As our inner poll revealed, the passion for agriculture is usually passed down through the family. But if there’s no one around who could potentially get you into farming, don’t be scared of entry barriers.

There are numerous opportunities provided by the government and the community. For example, the U.S. Department of Agriculture can help get started through a variety of programs and services (educational assistance, farm loans, crop insurance, conservation programs, and so on). Moreover, the application of technology in agriculture creates new opportunities to participate and contribute to securing the food supply not only in the field but also behind the computer.

With greater attention being placed on the importance of the farming and Ag industries, what do you predict will be different about the farming and Ag sectors, over the next ten years?

It’s always risky to predict the long term, but I’m quite sure about the trends for the next few years:

  • A focus on increasing crop yields to meet growing global needs will continue.
  • A larger use of precision agriculture, primarily to decrease soaring costs on ag inputs.
  • More livestock and crops will be monitored by sensors or drones.
  • Farmers will make decisions with big data.
  • A continued focus on sustainability.
  • More players in the agriculture industry will start trading through B2B marketplaces and doing business using various digital solutions on their smartphones.
  • The supply chain will become more connected and efficient.

I’m very passionate about trying to help minorities to become more engaged in gardening and urban farming. What do you think can be done to engage more minorities and people of color in the farming and Ag industries?

Real farming respects hard work, and people in agriculture are open-minded entrepreneurs, so our industry is very welcoming to minorities and anyone who is ready to put in the effort. And most of the barriers and concerns, such as knowledge, financial accessibility, or physical capacity, are being resolved by new technologies and innovation.

We all know that inflation is affecting so many parts of our lives. How does inflation affect farms? What steps have you taken to keep costs down?

Nobody can deny that inflation and supply chain issues continue to put pressure on farmers. Everyone is affected by COVID, geopolitics, disruptions of international trade, climate change, and the energy crisis. Moreover, both growers and grain buyers experience difficulties with ineffective logistics, a lack of financing, opaque deal execution, and price volatility.

With our main product, the global grain marketplace, any registered farmer, regardless of size, can sell crops worldwide. While Agro.Club operational teams complete the full execution process with KYC checks, quality control, logistics, and financing, they make deals very secure and hassle-free. In seconds, embedded algorithms analyze thousands of offers in search of the best supply-demand match, providing transparency on price and availability for both parties.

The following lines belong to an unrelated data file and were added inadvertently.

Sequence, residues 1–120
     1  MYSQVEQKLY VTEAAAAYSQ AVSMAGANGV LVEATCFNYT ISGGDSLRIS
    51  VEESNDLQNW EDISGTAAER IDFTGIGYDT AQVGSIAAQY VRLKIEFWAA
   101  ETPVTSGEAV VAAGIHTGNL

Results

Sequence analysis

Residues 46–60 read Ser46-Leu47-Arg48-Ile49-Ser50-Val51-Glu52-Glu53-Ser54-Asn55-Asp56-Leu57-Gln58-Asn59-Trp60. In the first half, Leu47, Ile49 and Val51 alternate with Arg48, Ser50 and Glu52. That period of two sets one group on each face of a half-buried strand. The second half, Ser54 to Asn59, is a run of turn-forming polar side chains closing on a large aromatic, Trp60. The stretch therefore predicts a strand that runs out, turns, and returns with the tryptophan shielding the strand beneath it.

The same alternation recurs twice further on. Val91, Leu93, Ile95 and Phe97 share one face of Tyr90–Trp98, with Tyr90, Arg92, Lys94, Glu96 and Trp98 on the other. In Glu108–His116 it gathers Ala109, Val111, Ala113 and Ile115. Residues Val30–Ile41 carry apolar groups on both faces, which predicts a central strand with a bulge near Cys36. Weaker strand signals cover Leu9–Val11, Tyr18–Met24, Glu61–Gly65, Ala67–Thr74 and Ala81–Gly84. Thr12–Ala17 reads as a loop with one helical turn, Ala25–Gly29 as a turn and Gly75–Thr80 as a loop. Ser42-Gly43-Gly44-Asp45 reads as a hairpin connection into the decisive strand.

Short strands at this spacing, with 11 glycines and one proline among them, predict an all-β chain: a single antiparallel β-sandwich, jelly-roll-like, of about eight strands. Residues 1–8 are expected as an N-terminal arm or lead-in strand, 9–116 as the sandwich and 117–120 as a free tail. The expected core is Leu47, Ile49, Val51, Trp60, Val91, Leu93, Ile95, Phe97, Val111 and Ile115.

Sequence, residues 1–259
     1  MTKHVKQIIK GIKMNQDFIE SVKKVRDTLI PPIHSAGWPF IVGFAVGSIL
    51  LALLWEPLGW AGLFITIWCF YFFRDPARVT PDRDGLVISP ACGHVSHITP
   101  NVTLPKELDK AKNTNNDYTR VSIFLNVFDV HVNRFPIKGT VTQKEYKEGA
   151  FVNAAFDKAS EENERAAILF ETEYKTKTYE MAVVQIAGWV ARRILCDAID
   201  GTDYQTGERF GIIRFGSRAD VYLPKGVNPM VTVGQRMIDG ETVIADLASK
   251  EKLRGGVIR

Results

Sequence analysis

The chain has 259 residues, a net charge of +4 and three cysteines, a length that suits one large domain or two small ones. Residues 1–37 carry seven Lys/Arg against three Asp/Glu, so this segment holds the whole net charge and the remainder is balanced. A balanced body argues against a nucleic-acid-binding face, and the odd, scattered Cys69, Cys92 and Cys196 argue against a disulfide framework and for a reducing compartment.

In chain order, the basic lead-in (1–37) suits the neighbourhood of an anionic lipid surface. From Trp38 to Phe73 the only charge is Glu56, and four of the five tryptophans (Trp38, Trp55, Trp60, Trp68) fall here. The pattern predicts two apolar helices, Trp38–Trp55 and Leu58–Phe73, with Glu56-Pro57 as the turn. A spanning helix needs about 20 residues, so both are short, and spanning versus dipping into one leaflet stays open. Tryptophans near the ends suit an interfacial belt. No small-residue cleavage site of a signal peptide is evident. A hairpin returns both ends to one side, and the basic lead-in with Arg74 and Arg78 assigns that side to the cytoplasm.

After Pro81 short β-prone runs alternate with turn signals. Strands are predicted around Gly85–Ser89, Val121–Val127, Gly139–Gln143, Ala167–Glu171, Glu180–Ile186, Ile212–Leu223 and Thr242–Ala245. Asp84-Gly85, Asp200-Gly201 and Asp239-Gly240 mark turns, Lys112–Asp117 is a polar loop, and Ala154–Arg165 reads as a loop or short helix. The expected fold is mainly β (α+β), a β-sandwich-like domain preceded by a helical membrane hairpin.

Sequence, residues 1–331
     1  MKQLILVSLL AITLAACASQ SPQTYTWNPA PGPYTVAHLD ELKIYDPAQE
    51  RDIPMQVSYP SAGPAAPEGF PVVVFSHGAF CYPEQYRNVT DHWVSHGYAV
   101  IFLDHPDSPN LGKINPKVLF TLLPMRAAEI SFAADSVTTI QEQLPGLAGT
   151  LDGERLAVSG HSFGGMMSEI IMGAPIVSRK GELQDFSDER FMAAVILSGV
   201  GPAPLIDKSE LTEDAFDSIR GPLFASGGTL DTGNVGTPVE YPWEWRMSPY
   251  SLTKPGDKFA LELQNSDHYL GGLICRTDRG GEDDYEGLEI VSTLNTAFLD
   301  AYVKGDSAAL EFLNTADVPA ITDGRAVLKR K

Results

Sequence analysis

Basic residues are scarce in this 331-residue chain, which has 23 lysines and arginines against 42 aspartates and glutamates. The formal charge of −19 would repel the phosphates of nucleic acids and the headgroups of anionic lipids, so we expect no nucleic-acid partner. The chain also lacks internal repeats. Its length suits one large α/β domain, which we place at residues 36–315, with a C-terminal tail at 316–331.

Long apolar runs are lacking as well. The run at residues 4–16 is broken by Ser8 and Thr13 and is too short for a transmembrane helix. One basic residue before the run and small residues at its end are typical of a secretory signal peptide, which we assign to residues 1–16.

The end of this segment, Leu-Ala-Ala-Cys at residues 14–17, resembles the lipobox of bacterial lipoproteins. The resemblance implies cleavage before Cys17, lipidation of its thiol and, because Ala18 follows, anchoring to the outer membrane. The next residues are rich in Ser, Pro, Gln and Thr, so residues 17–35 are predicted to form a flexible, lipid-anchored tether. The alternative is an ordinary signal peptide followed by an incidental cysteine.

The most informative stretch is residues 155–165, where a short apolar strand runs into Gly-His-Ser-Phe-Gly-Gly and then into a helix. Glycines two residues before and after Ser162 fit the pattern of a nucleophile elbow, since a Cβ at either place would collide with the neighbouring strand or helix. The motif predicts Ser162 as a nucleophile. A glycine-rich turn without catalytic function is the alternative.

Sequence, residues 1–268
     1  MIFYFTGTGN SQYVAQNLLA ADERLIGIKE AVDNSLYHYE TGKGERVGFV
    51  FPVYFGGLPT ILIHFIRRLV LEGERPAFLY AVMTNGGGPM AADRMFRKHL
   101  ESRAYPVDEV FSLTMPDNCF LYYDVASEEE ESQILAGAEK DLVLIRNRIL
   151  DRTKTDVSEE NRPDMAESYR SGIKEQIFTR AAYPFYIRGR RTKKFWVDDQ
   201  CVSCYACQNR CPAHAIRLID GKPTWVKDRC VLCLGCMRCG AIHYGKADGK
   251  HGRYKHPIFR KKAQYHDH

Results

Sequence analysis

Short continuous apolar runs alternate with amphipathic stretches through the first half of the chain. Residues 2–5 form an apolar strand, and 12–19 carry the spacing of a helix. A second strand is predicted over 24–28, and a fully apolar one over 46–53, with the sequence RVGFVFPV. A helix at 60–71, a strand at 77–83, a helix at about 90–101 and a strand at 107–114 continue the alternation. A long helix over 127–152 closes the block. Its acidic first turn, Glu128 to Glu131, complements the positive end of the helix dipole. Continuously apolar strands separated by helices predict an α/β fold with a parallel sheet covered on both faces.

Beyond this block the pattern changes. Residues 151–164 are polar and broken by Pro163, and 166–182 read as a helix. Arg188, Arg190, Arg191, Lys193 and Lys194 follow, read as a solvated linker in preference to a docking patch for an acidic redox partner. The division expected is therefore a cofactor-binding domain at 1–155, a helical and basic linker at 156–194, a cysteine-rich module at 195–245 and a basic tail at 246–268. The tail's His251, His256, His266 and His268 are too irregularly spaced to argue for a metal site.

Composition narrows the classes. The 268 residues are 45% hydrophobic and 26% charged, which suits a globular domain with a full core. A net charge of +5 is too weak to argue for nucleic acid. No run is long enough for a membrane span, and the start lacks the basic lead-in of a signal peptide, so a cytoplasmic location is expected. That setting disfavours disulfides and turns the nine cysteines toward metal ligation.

Here is the main question of our interview. Can you please share your “5 Things You Need To Create A Successful Career In The Farming and Agriculture Industries”? If you can, please share a story or example for each.

  1. Prepare to work hard whenever it is needed; this is not a 9-to-5 job.

Farming, grain operations, and seed deliveries happen around the clock, so one needs to be ready to resolve issues that can arise at 2:00 in the morning. When we were conducting our first international grain transactions and the first vessels of grain were loading, our logistics team was working until 4 a.m. two days in a row to ensure everything went smoothly for the farmers and buyers.

  1. Be able to adapt easily.

The agricultural industry is not a static one; it still depends on Mother Nature, market prices, government regulations, and one’s physical stamina.

  1. Good management skills.

A farm is an extremely complex environment with a focus on more than one type of activity at a single moment.

  1. Think outside the box, be an entrepreneur in everything you do, and be able to properly use new agricultural technology.

Farming is a fascinating and fast-paced industry where one needs to think fast and find creative solutions to continue to be relevant and add value.

  1. Stand behind your words.

A lot is based on trust in farming, and it is a long-term game, so if you did not deliver seeds in time for planting or trucks to pick up grain did not come on time, you can create big issues for the farmer and cause a massive domino effect, which the farmer will remember for a long time. So following through on your commitments is extremely important in agriculture, but my advice is to “do what you say” wherever you work or live.

You are a person of significant influence. If you could inspire a movement that would bring the most amount of good to the most amount of people, what would that be? You never know what your idea can trigger. :-)

The power of small things: doing something small but consistently can produce massive results. No matter if we are talking about physical exercise, helping someone, or using less to do more. Every little thing counts, and if we all do something good every day, the world and society we live in today will be a much better place for our children to live in in the future.

How can our readers further follow your work online?

Follow us on LinkedIn or stay tuned to our News section on our corporate website

This was very meaningful, thank you so much, and we wish you only continued success.